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SpiceJet seeks Gulf investors

Low-cost carrier says its interested in tie-up with foreign airline.
NEWS, Aviation

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By: Daniel Shane

India’s SpiceJet held “preliminary discussions” with Gulf airlines about making a potential investment in the low-cost carrier, CEO Neil Mills told Arabian Business.

Any tie-up between Chennai-based SpiceJet, which has a network of 41 destinations across South Asia and the Middle East, would depend on a major policy shift in India’s aviation industry, which currently prohibits foreign direct investment (FDI).

"There have been preliminary discussions to check in principle whether there is interest on both sides and the confirmation there would be 'yes there is',” Mills said.

He added that as the framework for FDI in Indian aviation is not yet in place, overseas carriers were reluctant to enter more formal negotiations.

"[Talks have] been on a preliminary basis, because they've quite rightly said 'what's the point in investing money in due diligence if the rule to enable [an investment] doesn't even exist',” Mills said.

Mills declined to disclose which airlines SpiceJet had held these preliminary talks with, although Arabian Business understands that Qatar Airways is one of them.

Any future tie-up, he added, would provide reciprocal benefits. "We've got a good network and we're carrying 36,000 people a day [and] about 1m people a month now, so we've got good feed and good catchment,” Mills said.

A partnership with an international carrier would also give SpiceJet access to economies of scale on procurement contracts and long-haul options for its passengers, Mills added.

Mills said he could not give an indication on the timescale of any change in India’s aviation policy to allow FDI. "Part of the issue is that the majority of carriers have realised they can't use [FDI] anyway,” he said. “Either their debt burden is so large that nobody would want to take a stake in them because you inherit a stake of the debt, and other carriers are already owned up to 49 percent on an offshore basis anyway.”

He added that SpiceJet was “not holding our breath” on a change in regulations.

Saj Ahmad, chief analyst at StrategicAero Research, told Arabian Business that India's FDI rule on airlines would "stay the same for a while yet", although a foreign airline could feasibly buy a stake via SpiceJet's parent Sun Group, although he said this strategy would likely still draw scrutiny from Indian authorities.

Ahmad agreed that SpiceJet would make "very good value for investment" ahead of rival budget carrier IndiGo, which he said has "overburdened itself with questionable growth plans". Ahmad added that SpiceJet had a "fantastic cabin product on a par with its GCC rivals" and was also a more attractive investment than Air India and Jet Airways.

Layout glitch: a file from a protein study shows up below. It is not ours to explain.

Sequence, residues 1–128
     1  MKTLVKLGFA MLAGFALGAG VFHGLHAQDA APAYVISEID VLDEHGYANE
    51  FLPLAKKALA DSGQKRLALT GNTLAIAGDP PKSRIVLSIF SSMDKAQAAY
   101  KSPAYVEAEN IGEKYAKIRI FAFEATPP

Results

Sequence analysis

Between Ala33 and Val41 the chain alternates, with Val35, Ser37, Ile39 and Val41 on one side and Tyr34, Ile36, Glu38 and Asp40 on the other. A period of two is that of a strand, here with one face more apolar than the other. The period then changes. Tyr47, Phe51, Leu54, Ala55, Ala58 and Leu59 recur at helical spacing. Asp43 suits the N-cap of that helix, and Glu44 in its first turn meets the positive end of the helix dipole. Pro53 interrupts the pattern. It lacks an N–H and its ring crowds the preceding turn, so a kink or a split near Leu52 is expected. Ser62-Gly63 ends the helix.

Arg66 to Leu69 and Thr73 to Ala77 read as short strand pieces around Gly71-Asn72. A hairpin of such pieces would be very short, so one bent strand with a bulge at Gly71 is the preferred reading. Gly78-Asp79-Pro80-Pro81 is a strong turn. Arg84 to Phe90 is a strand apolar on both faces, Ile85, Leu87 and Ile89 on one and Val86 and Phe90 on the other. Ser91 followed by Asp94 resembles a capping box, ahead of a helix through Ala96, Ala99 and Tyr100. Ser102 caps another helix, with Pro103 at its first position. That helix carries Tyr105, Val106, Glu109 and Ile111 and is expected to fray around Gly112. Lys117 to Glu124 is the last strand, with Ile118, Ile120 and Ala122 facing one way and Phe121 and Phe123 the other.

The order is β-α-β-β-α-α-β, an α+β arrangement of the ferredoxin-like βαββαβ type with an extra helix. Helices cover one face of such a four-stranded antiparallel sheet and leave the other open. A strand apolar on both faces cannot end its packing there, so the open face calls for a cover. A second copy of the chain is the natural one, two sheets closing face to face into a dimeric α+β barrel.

SpiceJet CEO Mills also told Arabian Business that SpiceJet will begin a daily service to the Saudi Arabian capital Riyadh from its hub in Delhi by October.

The carrier, which launched its third international service to Dubai in June, will also begin flying to the southern Chinese city of Guangzhou around the same time, Mills confirmed, following media reports last month.

“We’ve got Guangzhou in China and Riyadh in Saudi Arabia coming next,” he said. “They should be done by the end of September but certainly October." The Delhi-Riyadh route will be served by one of SpiceJet's Boeing 737 aircraft.

Mills said SpiceJet was currently not assessing any other Gulf routes. “Not at the moment. Certainly not for this season, but we may look next season," he commented.

He added that the airline had applied for "another eight to ten routes... on an international basis," but did not disclose where as the carrier was still negotiating with the Indian civil aviation authorities. "Let’s see what response we get from [Indian] authorities before we start looking at the challenges at the other end," Mills said.

Indian carriers have intensified their focus on international markets this year after the Indian government cancelled its policy of giving state-run Air India first refusal on overseas routes and Kingfisher Airlines decision in March 2012 to scrap its international routes altogether.

In the company’s latest first quarter results, SpiceJet reported a 51 percent increase in revenue to INR1407 crore (US$251.6m) and a 26.1 percent lift in passenger numbers. The carrier posted a profit of INR56.1 crore, SpiceJet’s first following a streak of five straight quarterly losses.

The airline’s market share stood at 18.6 percent.

SpiceJet currently operates a fleet of 35 Boeing 737 craft and 12 Bombardier Dash 8 Q400.

Owned by Indian billionaire Kalanithi Maran, SpiceJet competes with IndiGo, India’s largest low-cost carrier.

Mills added that the Dubai service, which flies from both Mumbai and New Delhi was “performing just fine”. “The weakness that everybody said was on that route, we’ve not seen. With the product that we offer and the pricing that we offer, there’s been a lot of demand on that route,” Mills said, adding that were currently no plans to increase capacity on the service.
 

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